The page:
UN votes for ‘traditional values’ above gay rights

Russia has passed a resolution at the United Nations which highlights traditional values: Experts say the Human Rights Council vote will be used against gay, trans and women's rights

UN votes for ‘traditional values’ above gay rights
27 September 2012

Russia has won a vote in the United Nations today which promotes ‘traditional values’ above lesbian, gay, bisexual, transgender and women’s rights.

In the resolution references to sexual orientation and transgender protection are actually removed from what is included in human rights.

Activists have said it makes demands for the UN to vote to decriminalize gay sex worldwide even more urgent.

The anti-gay Russian resolution was passed in the UN Human Rights Council today (27 September). It was backed by 25 countries with 15 against and seven abstaining.

It was titled ‘promoting human rights and fundamental freedoms through a better understanding of traditional values of humankind’.

It ‘recalls the important role of the family’, and calls for ‘a better understanding of traditional values of humankind’.

And it states that ‘traditional values… can be practically applied in the promotion and protection of human rights and upholding human dignity, in particular in the process of human rights education.’

Experts believe conservatives will use the resolution to try to restrict LGBT and women’s rights around the world.

Russia, who sponsored and drafted it, has been using the concept of traditional values to do just that at home. Multiple gay events, notably  pride in Moscow, have been banned as incompatible with traditional values or religion or as an attempt to ‘debase human dignity’.

And new laws in Russia are trying to stop LGBT rights events as ‘homosexual propaganda’ that allegedly ‘opposes’ the ‘traditional family’.

Experts also point out that ‘traditional values’ are often used to justify ‘honour killings’ of gay and trans people and other abuses against LGBT people and women including state-sponsored murder, rape and female genital mutilation.

Speaking with Gay Star News, Russian LGBT rights advocate Nikolai Alexeyev stated: ‘Such concepts of “traditional values” are exactly what is used in Russian courts against gay rights and applied nationally.

‘Russia is interested to have an international resolution that it can use to justify banning future LGBT events, like Moscow Pride.

‘Until now, Russia did not have any international resolution or laws, at the level of the Council of Europe or the UN, to legitimize such denials.

‘This resolution gives the opportunity to every country to (mis)interpret human rights in the way it chooses to. It undermines the universal nature of human rights.

‘The resolution is a disgrace and dangerous.’ 

Louis-Georges Tin, chair and founder of International Day Against Homophobia (IDAHO) told GSN: ‘For several years, Russia has been trying to promote "traditional values" in the United Nations.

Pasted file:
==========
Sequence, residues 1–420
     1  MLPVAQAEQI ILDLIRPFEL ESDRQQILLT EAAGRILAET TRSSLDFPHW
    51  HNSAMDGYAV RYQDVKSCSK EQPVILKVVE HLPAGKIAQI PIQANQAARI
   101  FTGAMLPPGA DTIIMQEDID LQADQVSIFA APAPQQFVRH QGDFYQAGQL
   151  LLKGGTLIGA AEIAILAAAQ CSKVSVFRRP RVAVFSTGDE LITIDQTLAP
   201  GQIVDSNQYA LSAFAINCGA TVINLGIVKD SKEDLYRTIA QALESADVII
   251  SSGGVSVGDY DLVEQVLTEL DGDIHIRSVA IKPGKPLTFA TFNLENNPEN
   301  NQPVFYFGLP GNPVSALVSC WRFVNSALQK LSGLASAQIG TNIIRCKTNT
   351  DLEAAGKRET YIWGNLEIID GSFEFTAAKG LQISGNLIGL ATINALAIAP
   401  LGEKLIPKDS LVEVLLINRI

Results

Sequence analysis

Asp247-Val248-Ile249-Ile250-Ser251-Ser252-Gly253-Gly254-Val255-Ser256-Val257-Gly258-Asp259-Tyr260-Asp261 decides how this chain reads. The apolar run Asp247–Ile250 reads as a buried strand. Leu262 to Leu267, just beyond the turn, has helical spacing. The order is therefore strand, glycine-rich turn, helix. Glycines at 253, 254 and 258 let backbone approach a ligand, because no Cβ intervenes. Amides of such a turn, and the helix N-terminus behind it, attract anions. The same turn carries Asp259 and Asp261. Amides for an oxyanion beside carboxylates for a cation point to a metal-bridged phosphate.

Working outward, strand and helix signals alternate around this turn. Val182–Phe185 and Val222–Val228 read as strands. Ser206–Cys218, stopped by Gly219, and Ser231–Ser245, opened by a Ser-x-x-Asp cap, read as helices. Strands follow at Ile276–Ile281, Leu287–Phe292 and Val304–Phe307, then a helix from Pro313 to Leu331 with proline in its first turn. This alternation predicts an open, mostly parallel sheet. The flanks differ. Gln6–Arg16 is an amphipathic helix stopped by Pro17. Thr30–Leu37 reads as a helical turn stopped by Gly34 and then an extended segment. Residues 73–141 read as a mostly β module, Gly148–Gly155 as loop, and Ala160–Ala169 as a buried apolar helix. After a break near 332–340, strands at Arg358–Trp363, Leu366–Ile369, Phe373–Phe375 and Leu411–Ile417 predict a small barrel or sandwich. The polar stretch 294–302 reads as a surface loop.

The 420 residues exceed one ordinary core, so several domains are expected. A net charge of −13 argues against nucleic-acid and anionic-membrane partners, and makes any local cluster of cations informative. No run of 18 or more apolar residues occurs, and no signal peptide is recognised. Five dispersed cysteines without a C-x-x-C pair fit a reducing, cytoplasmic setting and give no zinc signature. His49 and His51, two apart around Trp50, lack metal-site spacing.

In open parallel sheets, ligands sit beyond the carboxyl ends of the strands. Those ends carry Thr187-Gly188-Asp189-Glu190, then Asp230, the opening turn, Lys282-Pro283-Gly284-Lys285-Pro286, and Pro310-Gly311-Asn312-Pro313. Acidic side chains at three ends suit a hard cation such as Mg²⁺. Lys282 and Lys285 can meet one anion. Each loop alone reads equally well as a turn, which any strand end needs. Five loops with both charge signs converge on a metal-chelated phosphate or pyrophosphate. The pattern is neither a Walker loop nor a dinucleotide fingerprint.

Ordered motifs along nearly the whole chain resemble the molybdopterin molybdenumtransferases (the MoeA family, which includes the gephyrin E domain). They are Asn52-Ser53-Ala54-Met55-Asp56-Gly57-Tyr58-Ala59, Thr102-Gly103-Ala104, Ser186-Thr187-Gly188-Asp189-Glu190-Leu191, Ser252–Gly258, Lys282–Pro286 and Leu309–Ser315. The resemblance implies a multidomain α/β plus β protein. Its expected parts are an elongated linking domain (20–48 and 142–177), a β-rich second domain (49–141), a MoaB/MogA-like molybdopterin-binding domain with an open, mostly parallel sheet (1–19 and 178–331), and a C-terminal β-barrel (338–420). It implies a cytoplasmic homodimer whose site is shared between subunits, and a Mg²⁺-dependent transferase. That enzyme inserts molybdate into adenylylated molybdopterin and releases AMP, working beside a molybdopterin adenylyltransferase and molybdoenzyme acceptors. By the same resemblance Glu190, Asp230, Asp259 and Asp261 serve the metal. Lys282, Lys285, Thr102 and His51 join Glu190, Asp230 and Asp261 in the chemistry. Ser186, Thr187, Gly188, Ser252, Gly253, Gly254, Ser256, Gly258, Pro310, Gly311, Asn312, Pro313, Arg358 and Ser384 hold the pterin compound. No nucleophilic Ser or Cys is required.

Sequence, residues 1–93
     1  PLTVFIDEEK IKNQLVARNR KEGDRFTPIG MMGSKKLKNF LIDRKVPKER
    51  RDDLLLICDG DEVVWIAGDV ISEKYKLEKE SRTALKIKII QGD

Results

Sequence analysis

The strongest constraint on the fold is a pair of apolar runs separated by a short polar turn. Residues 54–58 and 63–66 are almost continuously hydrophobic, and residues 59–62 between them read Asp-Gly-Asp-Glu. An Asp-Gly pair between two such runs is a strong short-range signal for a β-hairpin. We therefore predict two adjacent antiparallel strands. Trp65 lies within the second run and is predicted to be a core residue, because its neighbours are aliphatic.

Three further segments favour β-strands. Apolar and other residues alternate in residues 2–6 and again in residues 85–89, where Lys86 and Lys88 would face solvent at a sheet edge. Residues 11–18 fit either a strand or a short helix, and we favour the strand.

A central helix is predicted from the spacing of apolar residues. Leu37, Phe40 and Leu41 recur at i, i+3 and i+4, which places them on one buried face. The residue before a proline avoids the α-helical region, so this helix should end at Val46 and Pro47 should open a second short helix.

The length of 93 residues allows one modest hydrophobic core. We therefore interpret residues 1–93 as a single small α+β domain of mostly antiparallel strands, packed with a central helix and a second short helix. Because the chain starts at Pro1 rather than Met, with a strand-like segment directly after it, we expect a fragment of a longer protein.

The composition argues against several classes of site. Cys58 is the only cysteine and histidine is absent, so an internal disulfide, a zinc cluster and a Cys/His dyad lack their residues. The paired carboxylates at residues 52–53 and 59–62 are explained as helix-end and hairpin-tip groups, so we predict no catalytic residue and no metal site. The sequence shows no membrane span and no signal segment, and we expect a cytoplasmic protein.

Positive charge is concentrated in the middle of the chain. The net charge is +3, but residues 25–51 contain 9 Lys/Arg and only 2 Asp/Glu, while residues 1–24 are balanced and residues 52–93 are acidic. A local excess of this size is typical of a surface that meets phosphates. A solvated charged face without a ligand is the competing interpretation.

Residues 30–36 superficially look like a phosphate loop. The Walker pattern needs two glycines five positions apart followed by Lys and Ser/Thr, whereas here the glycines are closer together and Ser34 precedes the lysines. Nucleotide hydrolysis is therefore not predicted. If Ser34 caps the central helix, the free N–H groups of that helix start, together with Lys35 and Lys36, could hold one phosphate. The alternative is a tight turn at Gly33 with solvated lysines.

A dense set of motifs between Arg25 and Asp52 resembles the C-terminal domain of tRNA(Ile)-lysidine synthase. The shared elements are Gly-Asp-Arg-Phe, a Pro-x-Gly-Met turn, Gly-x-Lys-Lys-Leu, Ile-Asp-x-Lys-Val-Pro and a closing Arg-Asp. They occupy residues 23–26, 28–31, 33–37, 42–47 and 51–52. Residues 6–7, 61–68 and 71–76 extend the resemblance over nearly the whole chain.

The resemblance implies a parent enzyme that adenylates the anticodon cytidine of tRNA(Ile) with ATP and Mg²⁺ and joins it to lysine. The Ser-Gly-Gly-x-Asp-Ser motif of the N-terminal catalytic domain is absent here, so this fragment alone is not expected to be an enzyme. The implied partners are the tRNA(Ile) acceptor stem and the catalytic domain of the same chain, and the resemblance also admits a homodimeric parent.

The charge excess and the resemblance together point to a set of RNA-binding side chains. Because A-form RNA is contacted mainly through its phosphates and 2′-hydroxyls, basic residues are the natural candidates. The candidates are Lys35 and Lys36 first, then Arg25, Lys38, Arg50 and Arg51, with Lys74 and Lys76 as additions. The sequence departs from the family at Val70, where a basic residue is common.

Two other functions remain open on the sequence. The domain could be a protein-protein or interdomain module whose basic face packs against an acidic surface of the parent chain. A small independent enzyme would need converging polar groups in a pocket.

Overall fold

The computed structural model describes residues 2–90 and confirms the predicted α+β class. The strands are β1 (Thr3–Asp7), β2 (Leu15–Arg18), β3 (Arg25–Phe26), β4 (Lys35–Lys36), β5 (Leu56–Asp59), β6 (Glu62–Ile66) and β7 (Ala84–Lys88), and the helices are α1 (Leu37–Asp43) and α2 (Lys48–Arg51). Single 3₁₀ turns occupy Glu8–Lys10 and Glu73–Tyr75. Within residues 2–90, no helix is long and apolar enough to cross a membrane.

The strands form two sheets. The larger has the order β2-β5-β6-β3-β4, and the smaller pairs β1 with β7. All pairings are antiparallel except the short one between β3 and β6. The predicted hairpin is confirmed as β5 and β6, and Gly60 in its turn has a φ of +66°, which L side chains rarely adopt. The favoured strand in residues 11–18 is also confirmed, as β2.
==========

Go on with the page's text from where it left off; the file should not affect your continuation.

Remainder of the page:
‘It is actively supported by Saudi Arabia, Belarus, China, Cuba, North Korea, Kuwait, Pakistan, Syria, and several other countries which have hardly excelled in recent years by their contribution to human rights. It has now won a major battle.

‘IDAHO is concerned about the consequences of this new resolution, and therefore cannot press enough the French government to introduce a resolution, as soon as possible, to decriminalise homosexuality worldwide. The French president, François Hollande, pledged this on 25 September. It’s time to take action now!’

And John Fisher, of ARC International who campaigns for LGBT rights at the UN, told GSN: ‘This resolution elevates traditional values as a principle of international human rights law and to use it as means of imposing the values of the state in a manner which is inconsistent with the universal declaration of human rights.

‘This is part of a negative agenda of Russia to advance its own conservative perspectives on what constitutes traditions and their relationship to human rights.

‘We believe that the United Nations should be devoted to uphold the principles of human rights and not enabling states to promote their own perspectives on morality and traditions that could be used to undermine human rights.’

The resolution was drafted and presented by Russia along with Angola, Belarus, China, Cuba, North Korea, Ecuador, Kyrgyzstan, Malaysia, Myanmar, Pakistan (on behalf of the Organization of the Islamic Cooperation), Sri Lanka, Syria, Uzbekistan, Venezuela, and Vietnam.

Within the Africa group, Botswana and Mauritius voted against the resolution, and Benin and Nigeria abstained. All Asian council members supported the resolution.

In Eastern Europe, only Russia supported the resolution, with Moldova abstaining, and the Czech Republic, Hungary, Poland and Romania voting against.

The results were very mixed among the Latin American states: Costa Rica and Mexico voted against the resolution, Cuba and Ecuador supported it. Chile, Guatemala, Peru and Uruguay took the floor to express strong concerns about the resolution, but went on to abstain instead of voting against.

All the western states at the council voted against the resolution – namely Austria, Belgium, Italy, Norway, Spain and the USA.



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